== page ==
- If you have outstanding debt or problems in your credit report fix it- right now! – You might be surprised by what you’ll find in your credit report. A five dollar bounced check when you were a freshman in college might be lingering there waiting for you. If you see something like this fix it quickly. The contact information for the company responsible for the bad mark will be there for you to call. Call them and have them remove the issue A.S.A.P. Don’t wait until you actually need the loan to worry about problems like this.
- Have a good mix of different types of credit – Don’t just do credit cards or auto loans or department store credit. Try to maintain a healthy mix of credit and pay everything diligently. Having one or two credit cards that you actively use will be as good or better than working with fifteen. Try diversifying your credit if possible.
- Give yourself time – It takes time to build your credit score. Any changes you make to improve it will likely take months and sometimes years before the full impact is known. If you have a big purchase coming up pull your credit report now and be aware of any problems you might have.
- Protect against identity theft – especially from friends and family – Studies have shown you are much more likely to be victimized by friends and family than by some stranger online. Your kids, siblings, parents, acquaintances, or family members are more likely to steal your identity than anyone else. So protect your private information from prying eyes and keep passwords and other private information locked up. Buy a shredder and be careful. It’s also interesting to note that homicide and rape are also more likely done by people the victim knew as opposed to strangers.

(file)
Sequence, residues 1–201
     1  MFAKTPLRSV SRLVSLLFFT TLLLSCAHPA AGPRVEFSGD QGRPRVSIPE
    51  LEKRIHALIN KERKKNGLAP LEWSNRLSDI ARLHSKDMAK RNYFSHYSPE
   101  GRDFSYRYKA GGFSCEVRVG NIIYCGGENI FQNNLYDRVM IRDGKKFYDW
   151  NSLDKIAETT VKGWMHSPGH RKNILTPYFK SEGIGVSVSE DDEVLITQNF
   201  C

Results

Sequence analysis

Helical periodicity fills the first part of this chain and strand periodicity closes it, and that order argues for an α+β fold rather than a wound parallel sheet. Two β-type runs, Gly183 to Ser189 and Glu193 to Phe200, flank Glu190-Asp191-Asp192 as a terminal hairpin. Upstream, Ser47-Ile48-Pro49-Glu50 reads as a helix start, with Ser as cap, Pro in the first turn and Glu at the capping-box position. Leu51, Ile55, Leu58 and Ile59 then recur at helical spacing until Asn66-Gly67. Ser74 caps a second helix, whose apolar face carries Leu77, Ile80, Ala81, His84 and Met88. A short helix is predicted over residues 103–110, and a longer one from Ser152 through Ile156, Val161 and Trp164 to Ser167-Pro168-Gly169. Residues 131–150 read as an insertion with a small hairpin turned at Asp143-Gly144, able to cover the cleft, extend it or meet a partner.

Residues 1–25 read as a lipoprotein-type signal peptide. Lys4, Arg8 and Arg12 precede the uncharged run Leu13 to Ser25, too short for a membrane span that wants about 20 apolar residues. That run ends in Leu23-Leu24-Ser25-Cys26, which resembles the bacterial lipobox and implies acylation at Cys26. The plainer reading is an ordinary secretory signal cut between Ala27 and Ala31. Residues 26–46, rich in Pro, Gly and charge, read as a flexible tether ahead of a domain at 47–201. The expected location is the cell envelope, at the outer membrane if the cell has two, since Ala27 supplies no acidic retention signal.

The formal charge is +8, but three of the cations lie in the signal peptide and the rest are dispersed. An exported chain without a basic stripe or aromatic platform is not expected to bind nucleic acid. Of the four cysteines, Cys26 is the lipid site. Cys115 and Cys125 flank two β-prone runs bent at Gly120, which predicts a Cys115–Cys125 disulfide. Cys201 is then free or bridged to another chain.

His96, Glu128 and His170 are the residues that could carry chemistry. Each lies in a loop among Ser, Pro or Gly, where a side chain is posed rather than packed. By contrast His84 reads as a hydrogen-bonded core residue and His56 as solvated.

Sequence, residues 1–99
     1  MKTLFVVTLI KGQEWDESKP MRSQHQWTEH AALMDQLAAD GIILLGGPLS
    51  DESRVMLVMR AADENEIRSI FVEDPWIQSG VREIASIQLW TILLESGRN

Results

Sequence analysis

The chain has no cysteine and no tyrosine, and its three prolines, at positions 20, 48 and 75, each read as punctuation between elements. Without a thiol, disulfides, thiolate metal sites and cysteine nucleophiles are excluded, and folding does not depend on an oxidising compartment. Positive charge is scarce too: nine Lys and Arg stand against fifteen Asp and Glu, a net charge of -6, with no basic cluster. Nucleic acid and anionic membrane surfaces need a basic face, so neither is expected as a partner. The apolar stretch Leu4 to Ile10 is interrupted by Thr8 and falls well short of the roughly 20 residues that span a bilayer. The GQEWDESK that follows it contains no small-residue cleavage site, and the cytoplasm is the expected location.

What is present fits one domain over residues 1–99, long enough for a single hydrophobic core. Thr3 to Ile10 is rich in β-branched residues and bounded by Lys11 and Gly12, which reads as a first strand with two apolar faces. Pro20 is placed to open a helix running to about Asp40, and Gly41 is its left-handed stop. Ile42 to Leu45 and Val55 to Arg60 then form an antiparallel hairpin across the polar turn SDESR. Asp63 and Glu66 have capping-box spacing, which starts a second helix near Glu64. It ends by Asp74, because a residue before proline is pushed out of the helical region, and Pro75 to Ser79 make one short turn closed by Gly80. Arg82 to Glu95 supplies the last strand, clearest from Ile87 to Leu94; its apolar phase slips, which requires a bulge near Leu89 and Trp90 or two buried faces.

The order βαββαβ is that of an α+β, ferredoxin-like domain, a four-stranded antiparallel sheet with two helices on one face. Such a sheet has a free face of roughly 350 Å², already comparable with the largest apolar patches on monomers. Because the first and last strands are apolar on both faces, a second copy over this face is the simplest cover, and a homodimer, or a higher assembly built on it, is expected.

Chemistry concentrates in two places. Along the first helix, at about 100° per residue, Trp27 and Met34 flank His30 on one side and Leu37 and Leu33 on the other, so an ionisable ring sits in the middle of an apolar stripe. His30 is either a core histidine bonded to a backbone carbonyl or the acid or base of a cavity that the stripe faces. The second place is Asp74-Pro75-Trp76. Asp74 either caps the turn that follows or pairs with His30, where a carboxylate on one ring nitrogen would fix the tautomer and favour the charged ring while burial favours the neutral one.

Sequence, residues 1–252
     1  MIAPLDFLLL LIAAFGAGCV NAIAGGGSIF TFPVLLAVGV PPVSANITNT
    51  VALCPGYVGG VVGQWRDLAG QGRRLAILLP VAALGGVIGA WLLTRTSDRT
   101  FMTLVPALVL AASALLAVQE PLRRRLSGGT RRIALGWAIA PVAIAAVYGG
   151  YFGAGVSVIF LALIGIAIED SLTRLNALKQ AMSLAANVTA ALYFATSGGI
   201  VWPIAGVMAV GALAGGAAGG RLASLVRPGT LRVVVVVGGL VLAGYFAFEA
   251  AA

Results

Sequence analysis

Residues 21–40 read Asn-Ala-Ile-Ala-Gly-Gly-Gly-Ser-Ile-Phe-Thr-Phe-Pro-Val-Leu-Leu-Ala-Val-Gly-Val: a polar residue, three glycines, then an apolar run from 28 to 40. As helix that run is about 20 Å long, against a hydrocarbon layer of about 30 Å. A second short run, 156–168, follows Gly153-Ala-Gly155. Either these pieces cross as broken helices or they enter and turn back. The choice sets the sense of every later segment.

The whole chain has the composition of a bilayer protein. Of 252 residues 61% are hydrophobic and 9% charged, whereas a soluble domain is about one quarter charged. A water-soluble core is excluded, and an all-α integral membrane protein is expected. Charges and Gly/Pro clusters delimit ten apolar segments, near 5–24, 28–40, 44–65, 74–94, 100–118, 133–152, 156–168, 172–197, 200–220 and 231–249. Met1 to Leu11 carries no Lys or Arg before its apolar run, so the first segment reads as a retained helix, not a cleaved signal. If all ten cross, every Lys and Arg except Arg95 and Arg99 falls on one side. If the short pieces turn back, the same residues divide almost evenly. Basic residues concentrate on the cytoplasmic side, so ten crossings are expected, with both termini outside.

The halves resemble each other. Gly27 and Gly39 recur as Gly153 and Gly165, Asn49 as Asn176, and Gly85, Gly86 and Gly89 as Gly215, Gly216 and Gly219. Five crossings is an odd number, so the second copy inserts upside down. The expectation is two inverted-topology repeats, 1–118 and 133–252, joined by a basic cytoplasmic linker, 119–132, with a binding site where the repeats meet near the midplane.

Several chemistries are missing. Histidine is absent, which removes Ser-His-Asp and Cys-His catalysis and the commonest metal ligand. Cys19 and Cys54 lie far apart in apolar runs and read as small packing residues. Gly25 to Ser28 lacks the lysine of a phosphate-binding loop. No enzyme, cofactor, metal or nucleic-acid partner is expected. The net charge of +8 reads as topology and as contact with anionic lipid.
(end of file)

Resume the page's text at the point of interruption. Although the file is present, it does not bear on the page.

- Have older average account ages – Accounts with long positive histories will do wonders for your account. Opening new accounts (even if you don’t use them) will lower the average age of your account and can take 10 points off each time.
Easy steps to improve your credit score –
- Don’t apply for too many credit cards or other loans too quickly – Signing up for multiple accounts within a few weeks of each other send off the wrong message to creditors. What you’re doing may be innocent enough but creditors get the idea that you’re going to fake your own death or something worse.